Whenever your child has a cough, you probably go through the list of possible causes in your head. Is it COVID‑19? Is it strep? Is it a cold or allergies? How can you tell?
Your child could also be experiencing croup, an illness that many kids experience during the fall and winter months.
Michael Lee, M.D., pediatrician with Children's Health℠ and Associate Professor at UT Southwestern, shares signs of croup in children and when to see a doctor.
What is croup?
Croup is an infection in the upper airway. It causes your child's voice box (larynx) and windpipe (trachea) to swell. The swelling narrows the airway and obstructs breathing, making your child's breathing very noisy, and when they cough, it sounds like a barking sound.
How do kids get croup?
Croup is mainly caused by a viral infection in your child's throat, often by the same viruses that cause the common cold (called viral croup). An allergy or acid reflux from your child's stomach can also cause croup (called spasmodic croup).
Croup is more common in younger kids aged 3 months to 5 years old. As your child grows, their airways become larger and less susceptible to croup.
What are signs of croup in kids?
Viral croup might begin like a cold, with a stuffy nose, fever and fatigue. But over time, your child will develop a cough, a hoarse or scratchy voice, and breathing that is noisy and labored. Croup caused by allergies or reflux comes on suddenly, with no previous symptoms.
Does croup cause fever?
Children with croup may have a fever that can be controlled with fever-reducing medication. Some children with croup may develop a high fever.
What does croup cough sound like?
A croup cough sounds like barking (often compared to a barking seal). Children might also have stridor, a squeaking or whistling noise when they breathe in and out.
You can find examples of both croup cough and stridor sounds online. You can compare those examples to your child's cough to help you figure out if your child might have croup. If you are concerned your child might have croup, contact your child's primary care provider. They will be able to evaluate your child's symptoms and provide a diagnosis.
Does COVID‑19 cough sound like croup?
Recent reports suggest that the Omicron variant of COVID‑19 might be causing more cases of croup in children. "It's important to remember that many respiratory viruses, like the common cold and flu, can also cause croup," says Dr. Lee.
It's not clear if the Omicron variant is the actual cause for the increase in the number of cases of croup or if the rise is because of the surge in COVID‑19 and other respiratory illnesses in general.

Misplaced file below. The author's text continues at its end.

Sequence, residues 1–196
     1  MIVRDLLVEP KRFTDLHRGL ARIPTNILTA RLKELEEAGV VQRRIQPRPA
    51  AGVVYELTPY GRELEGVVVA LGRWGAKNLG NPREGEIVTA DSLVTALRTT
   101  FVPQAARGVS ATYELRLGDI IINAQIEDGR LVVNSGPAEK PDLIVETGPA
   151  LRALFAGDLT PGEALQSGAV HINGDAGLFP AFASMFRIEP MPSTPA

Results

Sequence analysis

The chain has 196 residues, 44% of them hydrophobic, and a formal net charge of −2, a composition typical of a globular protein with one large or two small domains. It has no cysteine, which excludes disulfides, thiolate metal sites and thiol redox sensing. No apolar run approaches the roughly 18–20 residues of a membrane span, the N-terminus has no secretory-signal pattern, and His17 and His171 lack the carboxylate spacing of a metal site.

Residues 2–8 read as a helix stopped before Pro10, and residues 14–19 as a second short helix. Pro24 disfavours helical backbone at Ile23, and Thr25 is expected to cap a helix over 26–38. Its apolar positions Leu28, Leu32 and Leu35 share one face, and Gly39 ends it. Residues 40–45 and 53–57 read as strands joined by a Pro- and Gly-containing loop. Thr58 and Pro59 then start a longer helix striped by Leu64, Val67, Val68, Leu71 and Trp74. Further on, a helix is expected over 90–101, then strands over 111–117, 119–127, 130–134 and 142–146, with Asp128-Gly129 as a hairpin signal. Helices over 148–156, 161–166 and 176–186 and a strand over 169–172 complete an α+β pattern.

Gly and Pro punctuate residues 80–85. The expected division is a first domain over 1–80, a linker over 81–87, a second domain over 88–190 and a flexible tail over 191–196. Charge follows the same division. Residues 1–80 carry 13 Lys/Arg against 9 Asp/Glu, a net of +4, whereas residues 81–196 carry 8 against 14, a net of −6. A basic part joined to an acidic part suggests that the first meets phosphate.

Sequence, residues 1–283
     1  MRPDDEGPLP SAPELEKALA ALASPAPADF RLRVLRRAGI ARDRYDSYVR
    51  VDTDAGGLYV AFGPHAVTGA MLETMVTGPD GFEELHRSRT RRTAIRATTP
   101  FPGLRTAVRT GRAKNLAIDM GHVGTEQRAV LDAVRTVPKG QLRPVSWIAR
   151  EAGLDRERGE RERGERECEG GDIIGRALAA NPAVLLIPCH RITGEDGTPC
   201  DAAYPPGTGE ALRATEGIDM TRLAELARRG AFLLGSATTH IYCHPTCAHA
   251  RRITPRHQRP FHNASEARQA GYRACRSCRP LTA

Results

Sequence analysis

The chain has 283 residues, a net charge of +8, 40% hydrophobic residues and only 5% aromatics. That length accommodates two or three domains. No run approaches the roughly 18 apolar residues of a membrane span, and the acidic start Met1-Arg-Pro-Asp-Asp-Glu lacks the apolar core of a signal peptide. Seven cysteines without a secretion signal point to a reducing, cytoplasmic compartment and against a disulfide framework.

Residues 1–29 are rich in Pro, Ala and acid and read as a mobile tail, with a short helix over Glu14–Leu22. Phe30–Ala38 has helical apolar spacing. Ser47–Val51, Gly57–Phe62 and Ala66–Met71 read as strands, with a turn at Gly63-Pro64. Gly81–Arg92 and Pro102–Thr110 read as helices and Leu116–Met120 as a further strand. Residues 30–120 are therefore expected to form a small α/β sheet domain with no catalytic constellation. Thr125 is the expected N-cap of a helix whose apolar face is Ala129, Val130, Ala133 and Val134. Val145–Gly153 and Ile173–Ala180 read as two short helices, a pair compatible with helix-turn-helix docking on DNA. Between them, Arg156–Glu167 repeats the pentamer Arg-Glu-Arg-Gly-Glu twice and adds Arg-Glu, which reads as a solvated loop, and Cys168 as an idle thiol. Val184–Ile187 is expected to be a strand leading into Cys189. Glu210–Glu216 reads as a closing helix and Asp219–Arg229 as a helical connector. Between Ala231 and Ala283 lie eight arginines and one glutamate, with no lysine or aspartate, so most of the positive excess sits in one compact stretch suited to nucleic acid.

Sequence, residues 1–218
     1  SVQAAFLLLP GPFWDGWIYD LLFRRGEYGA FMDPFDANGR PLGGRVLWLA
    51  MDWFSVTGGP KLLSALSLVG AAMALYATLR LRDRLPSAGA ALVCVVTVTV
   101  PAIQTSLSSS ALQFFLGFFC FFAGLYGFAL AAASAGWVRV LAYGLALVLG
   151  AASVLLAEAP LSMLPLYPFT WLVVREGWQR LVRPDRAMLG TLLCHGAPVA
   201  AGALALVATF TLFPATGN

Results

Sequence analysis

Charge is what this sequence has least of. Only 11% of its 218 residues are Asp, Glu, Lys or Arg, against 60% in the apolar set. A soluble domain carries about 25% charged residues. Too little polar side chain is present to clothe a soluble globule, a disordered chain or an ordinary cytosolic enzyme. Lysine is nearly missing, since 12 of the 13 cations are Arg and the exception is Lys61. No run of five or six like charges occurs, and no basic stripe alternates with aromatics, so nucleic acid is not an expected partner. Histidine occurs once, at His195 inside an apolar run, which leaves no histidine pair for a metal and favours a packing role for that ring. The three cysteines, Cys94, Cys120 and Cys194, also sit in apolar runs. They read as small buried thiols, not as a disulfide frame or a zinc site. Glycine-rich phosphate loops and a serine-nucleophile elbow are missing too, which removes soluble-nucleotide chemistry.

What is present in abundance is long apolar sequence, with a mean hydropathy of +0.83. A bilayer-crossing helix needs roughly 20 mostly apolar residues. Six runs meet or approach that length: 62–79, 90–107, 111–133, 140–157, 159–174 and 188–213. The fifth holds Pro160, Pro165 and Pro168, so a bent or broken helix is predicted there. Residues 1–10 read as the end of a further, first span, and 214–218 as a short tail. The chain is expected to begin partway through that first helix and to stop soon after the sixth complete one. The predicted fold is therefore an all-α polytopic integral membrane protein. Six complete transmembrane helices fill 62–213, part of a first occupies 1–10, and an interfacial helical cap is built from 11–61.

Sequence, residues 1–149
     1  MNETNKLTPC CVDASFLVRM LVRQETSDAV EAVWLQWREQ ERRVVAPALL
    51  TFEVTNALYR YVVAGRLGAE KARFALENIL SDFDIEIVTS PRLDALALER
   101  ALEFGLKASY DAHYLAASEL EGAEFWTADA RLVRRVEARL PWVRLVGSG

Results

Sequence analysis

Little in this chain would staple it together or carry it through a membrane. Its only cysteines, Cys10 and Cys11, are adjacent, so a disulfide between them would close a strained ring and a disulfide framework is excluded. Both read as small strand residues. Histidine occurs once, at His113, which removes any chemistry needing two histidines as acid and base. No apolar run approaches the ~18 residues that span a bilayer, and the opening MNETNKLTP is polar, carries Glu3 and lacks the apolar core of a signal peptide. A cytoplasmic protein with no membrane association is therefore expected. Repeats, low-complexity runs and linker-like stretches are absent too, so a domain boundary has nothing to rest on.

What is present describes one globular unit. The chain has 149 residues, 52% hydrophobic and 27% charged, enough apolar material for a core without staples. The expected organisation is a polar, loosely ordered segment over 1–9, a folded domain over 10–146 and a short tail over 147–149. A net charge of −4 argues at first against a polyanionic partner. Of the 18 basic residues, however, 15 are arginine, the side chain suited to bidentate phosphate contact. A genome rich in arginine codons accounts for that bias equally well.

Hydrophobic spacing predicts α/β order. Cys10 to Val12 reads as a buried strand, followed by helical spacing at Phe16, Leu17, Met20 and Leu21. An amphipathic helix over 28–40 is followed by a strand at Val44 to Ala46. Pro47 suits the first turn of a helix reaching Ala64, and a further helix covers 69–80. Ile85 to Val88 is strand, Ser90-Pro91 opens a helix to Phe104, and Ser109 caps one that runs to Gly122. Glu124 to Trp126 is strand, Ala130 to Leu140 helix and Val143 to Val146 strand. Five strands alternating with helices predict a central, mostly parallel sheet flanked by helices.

Croup vs. COVID‑19
Symptoms of COVID‑19 in children may be similar to many other common illnesses, including croup. Both croup and COVID‑19 can cause cold-like symptoms, fever and cough.
If your child is coughing and showing cold-like symptoms, it is best to get them tested for COVID‑19 so you can protect yourself and others. Remember, getting your child vaccinated when eligible is the best way to prevent severe COVID‑19 symptoms. If you think your child may have COVID‑19, watch for these warning signs that they need emergency care.
Is croup contagious?
Viral croup can be contagious. When your child coughs or sneezes, they may spread viruses through the air. They should be considered contagious for about 1 day before symptoms start and up to 4-5 days after their symptoms have started.
"Overall, a child with croup is less contagious when without a fever for 24 hours, when there are less symptoms and when they are feeling better," explains Dr. Lee.
Both adults and other children can get infected with the virus that causes croup. However, older kids and adults probably won't develop croup cough and stridor. An adult's airways are larger, so while swelling is uncomfortable, it doesn't make it hard to breathe.
How long does croup cough last?
Fortunately, croup is typically mild and lasts less than one week. The cough may be more severe at night.
How do you treat croup?
The sounds of stridor can scare your child, making it even harder for them to breathe. It's important you stay calm and help them calm down by hugging them or rubbing their back. You can also coach older toddlers and children through deep breaths.
If your child has a fever, make sure to give them plenty of fluids. If their fever is going up, you can give them appropriate doses of fever-reducing medications (such as acetaminophen or ibuprofen) to help bring it down. Check the label or call your pediatrician for the correct dosage for your child. See other ways to help manage fever in children.
Cool, moist air can also be soothing for a swollen throat. You can put a cool-mist humidifier in your child's room to help them breathe better at night. See other home remedies for cough in children.
If your child has severe croup symptoms, they might need a breathing treatment and/or steroids to reduce swelling. Your doctor can help you determine if your child needs this treatment.
When to go to the hospital for croup
In rare cases, swelling in your child's airway can be dangerous. You should seek immediate medical attention at an emergency room or call 911 if your child:
- Can't speak because they are struggling to breathe
- Has bluish lips or fingernails (cyanosis)
- Has stridor when lying still or sleeping
- Has excessive drool or seems to have trouble swallowing saliva
- Makes whistling noises that get louder with every breath
- Struggles to catch their breath
These are signs that your child's windpipe is swollen. "If croup progresses to having persistent stridor at rest with labored breathing, this is cause for worry, and you should take your child to the emergency room," explains Dr. Lee. A doctor can give your child medicines to take the swelling down quickly.
Learn more and get care now
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